FC Twente then travelled to the Netherlands’ biggest city and kept their cool to draw 0-0 in the second leg in order to secure their first entry into Europe’s biggest club competition.
The platform for this success was built by canny coach (and former Twente player) Fred Rutten, now departed for the top job at Schalke 04 in Germany having led the club to two fourth-placed finishes in his second coaching spell with the club over the past two seasons.
“How FC Twente will get on without Rutten is an unknown,” former Netherlands international midfielder Ronald de Boer told BBC Sport.
Dutch football dazzled in the 1970s and it was during this period that FC Twente reached their zenith.
In 1975, Twente embarked upon a glorious Uefa Cup run, beating Bobby Robson’s rapidly-developing Ipswich Town in an early round before going on to sensationally beat Italian giants Juventus home and away in the semi-finals.
Fate decreed that FC Twente’s opponent’s in the final were Borussia Monchengladbach, who defeated the Dutch side in the 1973 semi-finals. But revenge proved beyond them, as Berti Vogts and great Dane Allan Simonsen inspired the Germans to a stylish 5-1 victory.
Wednesday’s game – Twente’s first in Europe’s premier competition despite regular Uefa Cup appearances in the late ’80s and early ’90s – is the club’s most important in Europe since then.
A. The club’s entrepreneurial president Joop Munsterman started out as a cleaner at a local newspaper called Tubantia. Now he is the chairman of the board and chief executive officer at Koninklijke (Royal) Wegener NV, the largest publisher of regional daily newspapers in the Netherlands. He is considered by many to be the architect behind the uprising of FC Twente, and was the man responsible for bringing McClaren to the club. “Anything is possible” is his mantra.
B. For a fleeting second, the Gunners could be forgiven for thinking they are back at Anfield against last season’s Champions League foes Liverpool. Before each home game FC Twente walk out to the strains of Gerry And The Pacemakers’ “You’ll Never Walk Alone”.
C. Wednesday’s match will take place at the Gelredome in nearby Arnhem. They moved from their old ground the Diekman Stadion (known locally as the Epi Drost Stadion) to the brand new Arke Stadion in 1998, since when it has been called the Grolsch Veste. But expansion work has not been completely finished for the new season. Dutch fans are being compensated with cheaper tickets.
D. Famous former players include Dutch legends Frans Thijssen (ex-Ipswich Town), Arnold Muhren (ex-Manchester United), Paul Bosvelt (ex-Manchester City), and Arthur Numan (ex-Rangers). Everton winger Andy van der Mede and Celtic striker Jan Vennegoor of Hesselink also played for the club, as did ex-Spurs boss Martin Jol.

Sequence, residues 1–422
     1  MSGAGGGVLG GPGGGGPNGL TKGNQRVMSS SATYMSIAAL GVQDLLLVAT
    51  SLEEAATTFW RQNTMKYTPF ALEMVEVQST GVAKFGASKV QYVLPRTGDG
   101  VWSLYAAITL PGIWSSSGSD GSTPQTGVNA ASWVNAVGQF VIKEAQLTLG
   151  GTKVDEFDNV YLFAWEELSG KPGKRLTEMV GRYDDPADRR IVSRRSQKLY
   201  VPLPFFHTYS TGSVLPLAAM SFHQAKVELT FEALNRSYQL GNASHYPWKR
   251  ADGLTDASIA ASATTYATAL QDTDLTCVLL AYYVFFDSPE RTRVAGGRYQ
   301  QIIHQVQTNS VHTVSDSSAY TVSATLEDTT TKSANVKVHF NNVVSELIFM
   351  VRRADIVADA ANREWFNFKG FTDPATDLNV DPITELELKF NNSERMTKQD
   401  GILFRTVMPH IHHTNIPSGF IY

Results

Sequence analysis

Alton Towers (or any other theme park for that matter) would be proud if they successfully engineered a ride which resembles FC Twente’s relatively short history. It has been a rollercoaster.
The club was formed in 1965 as a merger of two professional clubs: Sportclub Enschede and the Enschedese Boys. They quickly became known as the Tukkers – a slang term for people from Twente.
Nine years later and the club came the closest it has ever been to winning the Dutch championship (though SC Enschede did in 1926), a result of steadily building up a strong squad in its early existence.
Twente battled toe-to-toe for the 1973-74 Eredivisie with Feyenoord, but a 3-2 loss in a dramatic head-to-head confrontation in the final game of the season saw the Tukkers painfully miss out.
FC TWENTE – KEY FACTS
Nickname: The Tukkers
Stadium: Grolsch Veste Enschede
Honours: 2001 KNVB Cup
Champions League matches: 0
Relegation to the Dutch second tier came in 1982, though the club returned to the top flight a year later. But, despite its early successes among the more established clubs of Dutch football, the club – much like Arsenal in the early ’90s – earned a new reputation as ‘boring’ after a remarkable run of 0-0 and 1-1 draws.
The 1990s heralded a minor turnaround as German coach Hans Meyer led Twente to the third slot in the Eredivisie in 1997 and inspired some spirited displays in the Uefa Cup that followed. The club won their biggest piece of silverware to date in 2001, beating PSV Eindoven to clinch the KNVB Cup.
Yet the next season saw Twente’s hardcore Ultras Vak-P fans riot at the club’s new Arke Stadion after the club’s cup exit against Ajax’s second team teenagers compounded poor league results. Almost catastrophically, the club’s mother corporation (FC Twente ’65) was then declared bankrupt in the 2002-03 season.
But it survived and in 2004 reached another KNVB Cup final, kick-starting the phoenix-like rise from the flames which has culminated in their Champions League qualifying clash with Arsenal.